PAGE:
Production and release Edit
"Hive" was written, recorded, produced, and engineered in the living room of Syd tha Kyd and Matt Martians' old home in Marina del Rey, California; the music was programmed in Reason. The beat, according to Martians, "got kinda tight, then we started rapping. Next thing we know, Casey comes over with his crew, and there’s like 12 people in our living room, all rapping around Thebe. The mic is in the middle of the room, and Thebe is rapping in front of everybody."
The song took a total of three hours to record, with Sweatshirt's verse recorded in only one take before Casey Veggies and Vince Staples did theirs. Martians said that Sweatshirt "works quickly in general: he gets his initial ideas out quickly, then goes back and makes adjustments. That’s a mature thing about his music-making. He knows what he wants to do and what kinds of feelings he wants to convey." The track was later mixed by Jaycen Joshua at Larrabee Sound Studios in North Hollywood, California, and mastered by Dave Kutch at the Mastering Palace in New York City.
Sweatshirt first performed "Hive" at the Low End Theory in Los Angeles on March 6, 2013, and later at 2013 South by Southwest music festival. On July 16, he performed it at the first 2013 uncapped vitaminwater and Fader show in New York, and the song's music video and single was released shortly thereafter. The track appears on Sweatshirt's debut album Doris, which was released on August 20.
Composition and critical reception Edit
"Hive" received critical acclaim from music critics upon its release. "Hive" has a slow tempo. Pitchfork Media wrote the song "doesn't necessarily indicate that he's [[[Earl Sweatshirt]]'s] been in the lab fleshing out new musical directions. Instead, he’s pushing his deliriously inventive talents further, to work through things that continue to define him." Critics noted its use of a "thick, ominous, slow-moving bass-roll, [...] tingly echoing drums..." and light ambience. The reason for the song's recording location was to make live instrumentation for the track. Although the song has a less playful feel than "Chum", production similarities with that track were also pointed out by reviewers. WhatCulture! described the instrumental track as "minimalistic as it gets... showcasing the raps even more clear."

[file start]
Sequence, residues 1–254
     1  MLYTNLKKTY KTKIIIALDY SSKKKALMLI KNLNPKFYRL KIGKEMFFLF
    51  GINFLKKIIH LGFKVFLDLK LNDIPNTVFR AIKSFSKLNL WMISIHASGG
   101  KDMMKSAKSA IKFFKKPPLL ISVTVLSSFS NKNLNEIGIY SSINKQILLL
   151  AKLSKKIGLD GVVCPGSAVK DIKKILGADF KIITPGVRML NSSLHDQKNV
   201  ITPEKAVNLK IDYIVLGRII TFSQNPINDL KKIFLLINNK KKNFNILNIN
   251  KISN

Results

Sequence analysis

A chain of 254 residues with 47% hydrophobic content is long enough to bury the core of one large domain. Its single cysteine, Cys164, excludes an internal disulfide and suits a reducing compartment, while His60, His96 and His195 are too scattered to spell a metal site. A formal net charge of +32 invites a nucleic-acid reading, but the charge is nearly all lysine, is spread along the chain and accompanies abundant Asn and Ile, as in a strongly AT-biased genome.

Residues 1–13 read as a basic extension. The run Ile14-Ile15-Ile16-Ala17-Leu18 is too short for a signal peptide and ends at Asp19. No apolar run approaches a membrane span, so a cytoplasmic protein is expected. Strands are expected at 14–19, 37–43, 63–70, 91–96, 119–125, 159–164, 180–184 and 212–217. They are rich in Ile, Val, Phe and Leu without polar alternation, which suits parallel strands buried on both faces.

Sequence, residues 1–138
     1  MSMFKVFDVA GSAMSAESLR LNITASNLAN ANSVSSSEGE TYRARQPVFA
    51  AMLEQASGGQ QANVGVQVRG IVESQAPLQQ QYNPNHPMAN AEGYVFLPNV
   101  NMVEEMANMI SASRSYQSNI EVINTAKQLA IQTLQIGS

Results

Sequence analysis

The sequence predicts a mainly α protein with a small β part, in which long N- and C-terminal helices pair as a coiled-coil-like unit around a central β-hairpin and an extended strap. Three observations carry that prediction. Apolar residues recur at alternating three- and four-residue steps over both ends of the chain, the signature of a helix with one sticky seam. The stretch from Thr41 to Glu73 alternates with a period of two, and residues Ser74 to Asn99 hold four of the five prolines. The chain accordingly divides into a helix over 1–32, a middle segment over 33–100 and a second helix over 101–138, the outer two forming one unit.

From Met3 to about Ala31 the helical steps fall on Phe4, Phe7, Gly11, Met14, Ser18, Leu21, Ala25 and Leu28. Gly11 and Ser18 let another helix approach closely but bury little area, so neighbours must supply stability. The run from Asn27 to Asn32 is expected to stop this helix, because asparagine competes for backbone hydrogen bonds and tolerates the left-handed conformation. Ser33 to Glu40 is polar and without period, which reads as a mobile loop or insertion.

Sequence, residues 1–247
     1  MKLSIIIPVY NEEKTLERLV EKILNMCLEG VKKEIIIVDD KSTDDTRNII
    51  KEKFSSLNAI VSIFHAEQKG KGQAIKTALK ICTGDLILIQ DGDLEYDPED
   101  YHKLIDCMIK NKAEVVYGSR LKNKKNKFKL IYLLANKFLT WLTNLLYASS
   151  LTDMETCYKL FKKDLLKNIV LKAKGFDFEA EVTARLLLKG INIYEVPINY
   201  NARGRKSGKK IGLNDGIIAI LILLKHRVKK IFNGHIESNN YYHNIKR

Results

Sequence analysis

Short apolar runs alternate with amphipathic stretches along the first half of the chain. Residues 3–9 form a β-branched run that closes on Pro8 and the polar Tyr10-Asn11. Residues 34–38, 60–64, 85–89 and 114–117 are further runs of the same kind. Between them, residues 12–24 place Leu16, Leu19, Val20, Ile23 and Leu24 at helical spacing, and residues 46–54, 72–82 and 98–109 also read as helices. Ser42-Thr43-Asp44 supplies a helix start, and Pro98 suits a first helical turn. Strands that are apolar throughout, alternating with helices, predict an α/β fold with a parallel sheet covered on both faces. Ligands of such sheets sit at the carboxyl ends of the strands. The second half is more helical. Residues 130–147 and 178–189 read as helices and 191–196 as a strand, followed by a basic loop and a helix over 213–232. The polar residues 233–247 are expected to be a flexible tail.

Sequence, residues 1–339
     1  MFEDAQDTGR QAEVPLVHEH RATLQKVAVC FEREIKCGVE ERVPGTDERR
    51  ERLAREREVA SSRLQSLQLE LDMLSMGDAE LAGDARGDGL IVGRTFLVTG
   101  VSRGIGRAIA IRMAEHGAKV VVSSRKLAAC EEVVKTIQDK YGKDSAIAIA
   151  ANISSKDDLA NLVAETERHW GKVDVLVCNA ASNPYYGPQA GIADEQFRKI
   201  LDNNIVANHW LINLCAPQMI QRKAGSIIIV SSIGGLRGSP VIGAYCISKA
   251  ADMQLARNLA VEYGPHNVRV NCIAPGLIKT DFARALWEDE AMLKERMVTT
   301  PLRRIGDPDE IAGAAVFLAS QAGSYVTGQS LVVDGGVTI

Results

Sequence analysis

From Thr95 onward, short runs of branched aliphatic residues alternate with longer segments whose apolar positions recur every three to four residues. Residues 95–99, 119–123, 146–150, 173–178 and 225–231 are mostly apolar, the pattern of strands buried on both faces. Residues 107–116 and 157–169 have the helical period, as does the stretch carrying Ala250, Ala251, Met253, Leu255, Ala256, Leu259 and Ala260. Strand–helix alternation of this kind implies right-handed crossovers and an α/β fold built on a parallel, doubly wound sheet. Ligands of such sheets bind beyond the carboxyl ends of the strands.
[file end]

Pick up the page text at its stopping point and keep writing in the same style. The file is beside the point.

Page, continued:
Earl Sweatshirt's verse focuses on his control over his image, saying that he wants his critics and interns to name him at least a synonym of menace. AbsolutePunk said Sweatshirt describes "how his technical ability as a rapper makes his more crude moments much more interesting than they would be if he just came out and said vulgar things without veiling them with dizzying rhymes and metaphors." Writing for Consequence of Sound, Mike Madden called the opening blasphemy lyric, “Promise Heron I’ll put my fist up after I get my dick sucked”, "the Doris line that stays lodged in my head..." Billboard described "Hive" as "the first track [from Doris] where Earl's rapping style (of trying to cram as many words into a short phrase as possible) starts to feel slightly repetitive", and found Sweatshirt's "emphasis on syllables" similar to that on his previous track "Earl". Vince Staples' rap differentiates with Sweatshirt's, and references the Holocaust in which, according to SPIN, it "injects the small-town terror vibes with some heavy subject matter..."
Both Prefix Magazine and MTV Hive named "Hive" a highlight of Doris, with Prefix writing that Sweatshirt's rap in the song was the "most ambitious" out of the entire album.In another review of the LP, the song became an AllMusic pick track.
Music video Edit
The music video for "Hive" premiered July 15, 2013. It was directed by Hiro Murai and produced by Jason Colon and Danielle Hinde. Editing was done by Isaac Hagy, with cinematography by Larkin Seiple. It features slowly panned cameras Sweatshirt in dimly lit rooms and on moonroofs with Casey Veggies and Vince Staples, while he is around bikers wearing SBTRKT-like masks. Murai described the video as:
The masks were based on old Halloween costumes and a compilation book of drawings by David Lynch. Murai described the drawings as "like terrifying children in Halloween masks from the ‘30s and ‘40s. They’re all just really crudely put together. They’re all literally just like, bags with eyes and mouths drawn on them, but they’re just so awful and terrifying just because it looks so poorly put together." Murai also said the masks were "related to what we did with “Chum.” We were kind of just playing with the images and idea of masks, so we wanted to expand on that a little bit."
Credits from liner notes of Doris: